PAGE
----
Advantages of beneficiary funds are that they are cost effective and tax effective, and offer institutional investment returns. Beneficiary funds are taxed in the same manner as retirement funds in South Africa, that is no tax is paid in the fund. Furthermore, any payment out of a beneficiary fund, whether capital or income, is tax free. 

Retirement fund trustees need to assess guardian/caregiver competency – if it is uncertain that that s/he would not use a lump-sum benefit in the best interests of the child, then a sub-account is set up in the minor’s name in an umbrella beneficiary fund. A monthly stipend is paid to the guardian/caregiver and capital payments made eg to schools. Fairheads outsources investments to best-of-breed asset managers, in compliance with Regulation 28. A lifestage model determines the asset allocation, based on the member’s age, lump sum size and income/captial needs. At age 18 the member is entitled to the residue of the investment, unless s/he elects to leave it in the beneficiary fund.


Adv Sankie Morata
FISA Bursary Trust

Adv Morata outlined the purpose of Trust, namely to supply bursaries to previously disadvantaged individuals who qualify to enrol for a tertiary qualification applicable to the fiduciary industry. Such individuals need either to be employed, or express a desire to be employed, in the fiduciary industry, and show that they can make a positive contribution to the industry as well as promote the development of equal opportunities. Awards are made in the discretion of the Trustees. 

So far, four individuals have been awarded bursaries, covering tuition to study for the Advanced Diploma in Estate and Trust Administration offered by the School of Financial Planning Law at the University of the Free State, as well as the LEAD course offered by the Legal Education and Development section of the Law Society of South Africa. 

One bursary holder has thus far successfully passed the diploma and applied to FISA for the designation of Fiduciary Practitioner of SA® (FPSA®), which was granted. 

The Board of Trustees of the FISA Bursary Trust are appealing to employers and practitioners in the industry to contribute to the Trust. As the Trust is registered as a public benefit organisation, contributions will qualify for a tax deduction under section 18A of the Income Tax Act, 1962. 

More information as well as a summary of the Bursary Trust and biographies of the Trustees are available from Aaron Roup at [email protected]



Prince Siluma
FNB Fiduciary

What is the difference between charity and philanthropy? This is the interesting question Mr Siluma kicked off with, pointing out that charity is giving help NOW whereas philanthropy focuses longer-term on finding the source of human suffering and addressing that. A positive side-effect of COVID-19 has been a massive increase in philanthropy worldwide. Health is clearly a focus and, in South Africa, education too. 

Regarding the role of planners, it is essential for philanthropy to be part of a legacy plan, as opposed to undertaken on an ad hoc basis. People often make decisions based on their feelings rather than an objective analysis. Planners can help clients to reach the right balance between “heart and head”, ensuring that emotional blindness can be removed. Planners can also assist with creating structures, such as trusts or foundations, through which funds can be channelled, to ensure the impact of the philanthropy can be measured. 

Mr Siluma also gave some interesting statistics:

  • The emerging middle class is giving roughly one third of their monthly earnings to help others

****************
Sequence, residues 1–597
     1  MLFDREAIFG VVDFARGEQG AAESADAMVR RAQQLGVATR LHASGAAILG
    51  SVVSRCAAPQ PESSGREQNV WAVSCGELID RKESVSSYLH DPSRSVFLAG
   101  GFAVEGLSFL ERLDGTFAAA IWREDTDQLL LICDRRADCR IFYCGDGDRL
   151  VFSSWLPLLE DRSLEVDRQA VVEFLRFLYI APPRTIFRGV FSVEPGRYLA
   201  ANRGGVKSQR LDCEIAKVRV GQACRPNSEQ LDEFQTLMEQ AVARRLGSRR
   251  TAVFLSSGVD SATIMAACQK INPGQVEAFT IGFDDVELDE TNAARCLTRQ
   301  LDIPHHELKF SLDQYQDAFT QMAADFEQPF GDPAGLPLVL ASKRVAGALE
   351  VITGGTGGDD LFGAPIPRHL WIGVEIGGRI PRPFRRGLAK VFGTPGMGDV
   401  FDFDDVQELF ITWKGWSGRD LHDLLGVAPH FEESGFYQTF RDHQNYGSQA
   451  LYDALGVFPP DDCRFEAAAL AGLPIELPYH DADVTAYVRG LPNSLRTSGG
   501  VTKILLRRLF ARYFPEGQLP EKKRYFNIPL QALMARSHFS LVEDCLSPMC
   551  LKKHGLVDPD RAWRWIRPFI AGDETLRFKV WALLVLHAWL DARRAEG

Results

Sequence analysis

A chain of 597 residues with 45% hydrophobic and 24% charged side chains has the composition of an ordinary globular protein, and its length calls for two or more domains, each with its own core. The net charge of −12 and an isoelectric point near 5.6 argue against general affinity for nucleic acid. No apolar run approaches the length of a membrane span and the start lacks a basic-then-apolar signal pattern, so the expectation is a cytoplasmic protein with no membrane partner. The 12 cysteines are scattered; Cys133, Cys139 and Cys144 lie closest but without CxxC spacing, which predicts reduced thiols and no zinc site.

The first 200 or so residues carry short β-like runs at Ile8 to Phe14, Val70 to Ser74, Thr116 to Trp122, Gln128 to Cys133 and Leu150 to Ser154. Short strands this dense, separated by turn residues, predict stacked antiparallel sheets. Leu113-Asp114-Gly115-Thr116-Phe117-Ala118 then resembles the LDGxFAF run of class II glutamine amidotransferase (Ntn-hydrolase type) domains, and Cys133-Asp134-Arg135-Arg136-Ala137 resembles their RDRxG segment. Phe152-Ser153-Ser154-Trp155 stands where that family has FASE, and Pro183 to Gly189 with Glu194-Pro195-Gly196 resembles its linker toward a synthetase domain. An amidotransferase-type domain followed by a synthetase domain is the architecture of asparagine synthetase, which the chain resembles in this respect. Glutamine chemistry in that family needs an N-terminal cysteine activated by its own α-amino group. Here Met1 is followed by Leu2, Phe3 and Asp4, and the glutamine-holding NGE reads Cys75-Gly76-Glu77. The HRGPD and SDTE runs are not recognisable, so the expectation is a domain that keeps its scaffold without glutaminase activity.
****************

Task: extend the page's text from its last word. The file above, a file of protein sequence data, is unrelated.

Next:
• 83% of high-net-worth individuals gave money, time or goods in 2018
  • 85% of people agree that community-based organisations are effective in solving societal problems
  • The estimated total corporate social investment (CSI) investment in 2020 was R10,7 billion (up 4,9% from 2019)
  • Motivation to give is driven by ubuntu which is enshrined in our Constitution 

There are organisations starting to fill the gap left by government organised by bodies such as the Independent Philanthropy Association of South Africa. There are also developments such as crowdfunding.



Dr Janette Minnaar-van Veijeren

Building lasting relationships based on trust

Dr Minnaar-van Veijeren spoke about the imperatives for building relationships based on trust, and the new role of leadership.

An interesting survey was published by the ACFE titled the 2020 Global Study on Occupational Fraud and Abuse. This survey put the cost of dishonesty / fraud to 5% of an organisation’s revenue each year. Owners or executives committed only 20% of occupational frauds but they caused the biggest losses.

Dr Minnaar-van Veijeren outlined the common law duty of company executives, emphasising that their main duty is to care for the organisation. In the words of Professor Mervyn King, “We become the heart, mind and soul of an organisation when we become a director/board member”.

She also quoted the Global Business Ethics Survey (GBES) published in March 2021 by the US Ethics & Compliance Initiative which found that more than 44% of employees were experiencing more work-related pressure than before the COVID-19 pandemic began. Previous studies by the GBES have shown that any organisational changes (such as work from home- WFH) typically have an adverse effect on ethics outcomes. During WFH, rules and policies seem and are more distant, with employees reporting feelings of disconnectness and disengagement; there is fear and uncertainty around health, safety, the economy and the future; indeed the pandemic has led to a global sense of fatigue.

A study published in July 2021 in revealed that bosses have a significant influence on how their staff adapt. Therefore the GBES report cautions that organisations take precautionary action to limit stress and support behaviours that epitomise a strong ethics culture. This puts the ball squarely in the court of the leaders of an organisation who need to adopt a new ethical leadership model. Expressed ethical leadership and support is therefore paramount.

Dr Minnaar-van Veijeren concluded by encouraging leaders: “If you see the pandemic as an opportunity to reset and to rethink – to acquire knowledge, aptitudes, new capabilities and so on – it’s more than likely that your own learning mindset will become contagious. You will influence your employees positively and drive critical engagement so much more successfully.”

The conference was closed with a highly productive, interactive hour-long panel discussion during which the speakers answered questions from the floor.